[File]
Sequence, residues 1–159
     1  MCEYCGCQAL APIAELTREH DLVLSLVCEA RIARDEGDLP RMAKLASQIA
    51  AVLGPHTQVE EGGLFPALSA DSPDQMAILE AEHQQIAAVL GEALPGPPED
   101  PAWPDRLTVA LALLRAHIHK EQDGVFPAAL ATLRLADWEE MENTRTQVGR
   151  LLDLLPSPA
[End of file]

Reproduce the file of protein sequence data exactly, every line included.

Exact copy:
Sequence, residues 1–159
     1  MCEYCGCQAL APIAELTREH DLVLSLVCEA RIARDEGDLP RMAKLASQIA
    51  AVLGPHTQVE EGGLFPALSA DSPDQMAILE AEHQQIAAVL GEALPGPPED
   101  PAWPDRLTVA LALLRAHIHK EQDGVFPAAL ATLRLADWEE MENTRTQVGR
   151  LLDLLPSPA